Instead, the story opens with Harriet as a slave. We first see Harriet and her new husband, a freedman, imploring her master to free her. The couple wants to have children but they don’t want them to be born into slavery. When her master refuses, Harriet prays to God to smite the man for his villainy. When her master dies, his son decides to sell Harriet as a punishment. Since a head trauma years earlier, Harriet has had visions which she interprets as God speaking to her. When she has a vision of her escaping, Harriet decides to escape. She successfully makes it to Philadelphia where she can live as a free woman. But she worried about her husband and family, so Harriet decides to help them escape. This starts her work with the Underground Railroad. Yet, no matter how many years pass, Harriet is still being pursued by her former owner. Can she escape him?
What I will say about Harriet is that it reimagines the slave narrative. So many films focus so much on the pain and humiliation that the slaves suffered, Harriet is a film that focuses more on liberation and community. Though the film doesn’t ignore the awful conditions those in bondage had to put up with, it counterbalances it with a sense of hope and freedom. Something that is highlighted through the way that director Kasi Lemmons depicts the countryside that Harriet journeys through. The wide vistas of the south that sees her on her way to freedom are soon replaced with the river flowing North. Harriet is being guided away from her old life and it’s beautiful. Regardless of whether you believe Harriet’s assertion that her visions are the work of God or whether you believe it’s just brain damage. It feels like fate was leading her away so she could help so many others like her.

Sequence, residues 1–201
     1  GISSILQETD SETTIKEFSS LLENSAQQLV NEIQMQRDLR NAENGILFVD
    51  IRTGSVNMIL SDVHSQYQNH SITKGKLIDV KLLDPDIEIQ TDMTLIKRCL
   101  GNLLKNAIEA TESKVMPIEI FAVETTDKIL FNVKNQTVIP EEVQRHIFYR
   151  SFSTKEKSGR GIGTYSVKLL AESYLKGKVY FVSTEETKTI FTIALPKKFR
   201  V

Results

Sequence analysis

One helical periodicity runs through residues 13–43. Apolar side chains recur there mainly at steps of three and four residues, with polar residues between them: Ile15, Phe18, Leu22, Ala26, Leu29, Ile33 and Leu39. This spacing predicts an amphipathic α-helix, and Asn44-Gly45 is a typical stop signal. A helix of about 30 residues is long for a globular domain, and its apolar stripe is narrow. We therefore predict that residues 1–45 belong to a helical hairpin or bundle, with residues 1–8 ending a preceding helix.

What really drives this film is the assured and unforgettable performance from Cynthia Erivo as Tubman herself. She is charismatic, strong, and ever so slightly vulnerable. She brings life to the film and it’s inspiring to watch her. And you can’t help but watch her. Especially in the later parts of the film when she finds her voice and starts to use her own power. I can’t see Erivo winning on Sunday but she would deserve to. Of course, she is aided by a great cast of people. Clarke Peters is wonderful and balanced as Harriet’s father. Janelle Monáe brings real humanity to the film as Marie Buchanon, the owner of a boarding-house where Harriet stays. Marie was born free and she has to rethink her opinions as she grows closer to Harriet. Finally, Leslie Odom Jr. plays Harriet’s fellow abolitionist, William Still. Odom Jr. is a solid performer and works well with Erivo. The three actors manage to bring real heart and humanity to the film. It’s just a shame that they didn’t get more chances to do so.
Harriet may not be quite the film that Harriet Tubman deserved but it’s a decent effort and one that I recommend watching. It gives us an unforgettable central performance and some luscious filmmaking. If it could only have slowed down slightly and let us see more of Harriet, this would have been perfect.